Contributions of the capsulorrhexis to straylight

Ivanka J.E. Van Der Meulen, Leonore A. Engelbrecht, Tom C.T. Van Riet, Ruth Lapid-Gortzak, Carla P. Nieuwendaal, Maarten P. Mourits, Thomas J.T.P. Van Den Berg

Research output: Contribution to journalArticlepeer-review

22 Scopus citations


Objectives: To quantify the effect of the capsulorrhexis on straylight and to determine optimal capsulorrhexis size. Methods: Fifty-six pseudophakic eyes with intact capsulorrhexis were included in the study. Straylight was measured with a straylight meter before and after pupil dilation. Capsulorrhexis and pupil diameter were measured and opacity of the anterior capsule was graded (on a scale of 0-5) with the slitlamp. Capsulorrhexis size and opacity were compared with the difference in straylight values between natural and dilated pupils. Results: The mean capsulorrhexis diameter was 4.5mm (range, 2.9-6.2 mm). Most anterior capsular rims were opaque in the area of contact with the intraocular lens (62.5% higher than grade 1). Mean straylight before pupil dilation was logs=1.25 (range, 0.68-2.13), which increased to 1.46 (range, 0.88-2.22) after pupil dilation, which corresponds to a 62% increase (P<.001). The effect of capsulorrhexis size and opacity on the increase in straylight in scotopic conditions can be quantified by the following formula: Δs =19 X (grading of anterior capsular rim) X (fraction of pupil area covered by rhexis). Conclusions: The influence of size and opacity of the capsulorrhexis via straylight is described in a quantitative model. Capsulorrhexis size must be greater than 4 mm to prevent functional problems at night.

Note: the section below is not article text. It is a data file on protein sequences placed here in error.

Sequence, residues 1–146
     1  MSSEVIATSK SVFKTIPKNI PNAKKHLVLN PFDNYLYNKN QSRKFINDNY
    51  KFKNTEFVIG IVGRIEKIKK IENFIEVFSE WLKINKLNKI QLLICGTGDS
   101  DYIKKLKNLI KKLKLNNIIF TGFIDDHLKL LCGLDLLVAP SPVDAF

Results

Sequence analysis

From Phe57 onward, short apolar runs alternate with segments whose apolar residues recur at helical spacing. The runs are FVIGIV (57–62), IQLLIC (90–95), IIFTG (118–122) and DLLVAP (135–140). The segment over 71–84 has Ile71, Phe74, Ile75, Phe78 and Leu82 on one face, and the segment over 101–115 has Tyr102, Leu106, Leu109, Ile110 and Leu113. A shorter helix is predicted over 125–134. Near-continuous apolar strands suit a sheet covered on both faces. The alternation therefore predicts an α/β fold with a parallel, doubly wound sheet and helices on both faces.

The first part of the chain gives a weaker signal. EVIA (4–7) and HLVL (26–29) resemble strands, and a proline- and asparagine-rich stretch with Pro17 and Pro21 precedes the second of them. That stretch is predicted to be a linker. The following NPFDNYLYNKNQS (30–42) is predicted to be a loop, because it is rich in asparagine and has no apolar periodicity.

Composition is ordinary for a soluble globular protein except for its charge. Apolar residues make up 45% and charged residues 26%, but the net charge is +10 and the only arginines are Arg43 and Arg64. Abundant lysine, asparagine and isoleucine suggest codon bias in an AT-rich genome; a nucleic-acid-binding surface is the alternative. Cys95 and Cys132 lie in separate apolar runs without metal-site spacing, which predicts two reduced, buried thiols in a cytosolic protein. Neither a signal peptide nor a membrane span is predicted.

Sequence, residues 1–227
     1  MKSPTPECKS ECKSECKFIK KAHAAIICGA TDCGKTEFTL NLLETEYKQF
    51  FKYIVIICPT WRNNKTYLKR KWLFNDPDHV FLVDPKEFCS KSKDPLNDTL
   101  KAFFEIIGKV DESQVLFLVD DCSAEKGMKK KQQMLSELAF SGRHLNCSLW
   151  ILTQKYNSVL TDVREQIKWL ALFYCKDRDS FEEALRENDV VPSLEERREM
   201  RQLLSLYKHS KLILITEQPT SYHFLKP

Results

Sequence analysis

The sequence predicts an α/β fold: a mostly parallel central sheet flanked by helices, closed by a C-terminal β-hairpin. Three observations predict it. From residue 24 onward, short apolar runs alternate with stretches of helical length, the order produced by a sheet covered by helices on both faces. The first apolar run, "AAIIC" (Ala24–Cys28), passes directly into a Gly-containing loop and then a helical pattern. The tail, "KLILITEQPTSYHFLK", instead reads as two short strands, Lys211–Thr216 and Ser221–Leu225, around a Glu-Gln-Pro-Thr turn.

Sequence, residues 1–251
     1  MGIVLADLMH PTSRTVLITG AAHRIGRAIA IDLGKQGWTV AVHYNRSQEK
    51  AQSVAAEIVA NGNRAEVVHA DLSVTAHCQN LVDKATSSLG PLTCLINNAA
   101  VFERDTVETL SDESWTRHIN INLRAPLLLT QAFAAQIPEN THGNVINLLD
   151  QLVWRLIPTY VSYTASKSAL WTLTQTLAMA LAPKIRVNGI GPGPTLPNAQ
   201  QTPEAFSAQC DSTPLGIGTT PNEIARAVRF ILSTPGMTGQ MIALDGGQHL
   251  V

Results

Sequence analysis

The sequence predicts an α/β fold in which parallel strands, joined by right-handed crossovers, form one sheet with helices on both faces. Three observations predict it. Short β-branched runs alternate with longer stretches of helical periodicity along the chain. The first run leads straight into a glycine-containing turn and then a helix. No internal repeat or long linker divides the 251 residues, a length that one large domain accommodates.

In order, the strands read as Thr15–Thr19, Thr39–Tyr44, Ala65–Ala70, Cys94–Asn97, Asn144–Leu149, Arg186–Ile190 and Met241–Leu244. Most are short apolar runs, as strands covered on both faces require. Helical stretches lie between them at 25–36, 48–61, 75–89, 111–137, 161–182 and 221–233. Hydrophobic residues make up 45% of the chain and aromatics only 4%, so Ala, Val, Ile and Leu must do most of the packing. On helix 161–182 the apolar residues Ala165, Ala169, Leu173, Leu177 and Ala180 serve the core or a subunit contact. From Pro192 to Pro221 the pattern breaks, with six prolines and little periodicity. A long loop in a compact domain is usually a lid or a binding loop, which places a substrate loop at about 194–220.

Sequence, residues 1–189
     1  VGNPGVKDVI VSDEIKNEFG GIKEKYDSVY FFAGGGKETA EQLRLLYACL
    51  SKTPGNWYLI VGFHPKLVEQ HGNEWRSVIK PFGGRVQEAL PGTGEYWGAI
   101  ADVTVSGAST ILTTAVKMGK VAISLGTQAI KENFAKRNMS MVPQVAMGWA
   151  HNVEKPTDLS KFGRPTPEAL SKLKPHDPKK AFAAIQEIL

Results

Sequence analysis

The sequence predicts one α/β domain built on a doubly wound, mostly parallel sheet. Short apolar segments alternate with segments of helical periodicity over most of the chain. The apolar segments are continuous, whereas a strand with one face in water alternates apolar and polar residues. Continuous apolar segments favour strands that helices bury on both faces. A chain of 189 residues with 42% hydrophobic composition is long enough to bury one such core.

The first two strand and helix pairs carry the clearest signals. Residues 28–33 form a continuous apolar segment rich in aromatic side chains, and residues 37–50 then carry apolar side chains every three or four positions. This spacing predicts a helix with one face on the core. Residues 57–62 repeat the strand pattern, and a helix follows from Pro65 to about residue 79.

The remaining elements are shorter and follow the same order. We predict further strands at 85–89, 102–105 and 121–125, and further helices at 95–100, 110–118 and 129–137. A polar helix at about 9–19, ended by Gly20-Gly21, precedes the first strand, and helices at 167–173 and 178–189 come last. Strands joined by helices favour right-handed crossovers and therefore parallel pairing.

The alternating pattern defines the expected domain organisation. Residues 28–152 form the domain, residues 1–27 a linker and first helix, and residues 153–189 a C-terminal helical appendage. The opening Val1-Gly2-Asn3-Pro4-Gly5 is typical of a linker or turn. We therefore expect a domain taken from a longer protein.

Original languageEnglish
Pages (from-to)1290-1295
Number of pages6
JournalArchives of Ophthalmology
Issue number10
StatePublished - 1 Oct 2009
Externally publishedYes

ASJC Scopus subject areas

  • Ophthalmology


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